Prof Colin Ellard was walking past the rows of new-build towers that dominate the west of central Toronto when he had a sudden realisation. “I was struck by how dark, sombre and sad these new urban canyons made me feel,” he says.
Ellard, a cognitive neuroscientist at the University of Waterloo in Canada who studies the impact of places on the brain and body, wanted to know why he felt like that – and if others felt the same.
His curiosity ultimately led him to conduct a series of virtual reality experiments in which he asked people to wear specialised headsets and stroll through a variety of urban environments created to test their responses. The findings, he says, proved he was not alone. Being surrounded by tall buildings produces a “substantial” negative impact on mood.
If proven, Ellard’s theory adds weight to existing studies finding a negative effect of high-rises on the mental health of city residents. With both government policy and the potential for greater profits driving high-density construction in cities around the world, this raises an important question for the development industry.
City dwellers have a 40% increased risk of depression and double the rate of schizophrenia, according to the Centre for Urban Design and Mental Health. Ellard’s idea is that the moment to moment bad feelings he observed in the virtual reality environment can affect everyday interactions in the real world and people’s experience of living in cities. …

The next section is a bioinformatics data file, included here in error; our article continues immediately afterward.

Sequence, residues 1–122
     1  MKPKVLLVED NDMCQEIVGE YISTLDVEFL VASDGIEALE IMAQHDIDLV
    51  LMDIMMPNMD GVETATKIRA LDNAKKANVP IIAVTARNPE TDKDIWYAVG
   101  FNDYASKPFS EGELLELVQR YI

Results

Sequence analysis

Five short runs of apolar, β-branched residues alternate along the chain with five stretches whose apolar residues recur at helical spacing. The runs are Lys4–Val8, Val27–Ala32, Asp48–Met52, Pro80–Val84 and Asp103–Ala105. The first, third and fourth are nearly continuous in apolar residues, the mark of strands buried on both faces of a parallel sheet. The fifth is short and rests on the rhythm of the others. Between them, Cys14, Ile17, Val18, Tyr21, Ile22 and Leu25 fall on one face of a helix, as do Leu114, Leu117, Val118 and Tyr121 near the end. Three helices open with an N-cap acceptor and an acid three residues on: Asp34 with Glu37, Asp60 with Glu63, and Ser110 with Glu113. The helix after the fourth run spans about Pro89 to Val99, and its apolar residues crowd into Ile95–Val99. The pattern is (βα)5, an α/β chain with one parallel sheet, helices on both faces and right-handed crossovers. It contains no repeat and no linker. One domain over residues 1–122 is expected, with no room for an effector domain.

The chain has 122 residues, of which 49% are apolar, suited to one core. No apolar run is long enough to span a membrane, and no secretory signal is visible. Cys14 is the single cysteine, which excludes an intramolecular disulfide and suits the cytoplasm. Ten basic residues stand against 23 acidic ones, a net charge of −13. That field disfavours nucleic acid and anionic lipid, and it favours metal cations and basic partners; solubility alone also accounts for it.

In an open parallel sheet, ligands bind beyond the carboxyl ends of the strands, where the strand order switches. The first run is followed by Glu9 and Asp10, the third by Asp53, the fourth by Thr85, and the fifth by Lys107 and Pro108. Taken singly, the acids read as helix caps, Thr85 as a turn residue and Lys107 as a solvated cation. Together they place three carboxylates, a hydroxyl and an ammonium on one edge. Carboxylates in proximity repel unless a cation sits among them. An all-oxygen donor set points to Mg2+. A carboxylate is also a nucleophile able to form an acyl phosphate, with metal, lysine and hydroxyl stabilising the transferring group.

This all appears to cut against the urban planning orthodoxy that a certain level of density – around 30-50 homes per hectare – is necessary to make lively communities that are able to support shops, businesses and public transport. This idea is the reason the government endorsed higher density development close to transport links in February’s housing white paper. …
The question is how to build densely without these negative repercussions. “The villain isn’t density itself, it’s insensitive design,” says Layla McCay, director of the Centre for Urban Design and Mental Health. “It’s about how you design in things that are protective to people’s mental health – green spaces and opportunities for social interaction.”
Some have concluded there is a density “sweet spot” (pdf) that gives the benefits of sustainable city living without the mental health costs. Proponents of mid-rise development such as that found in European cities like Vienna and Barcelona, for example, argue for buildings constructed to heights of up to eight storeys within mixed use neighbourhoods where residential buildings sit alongside shops, offices and other work spaces.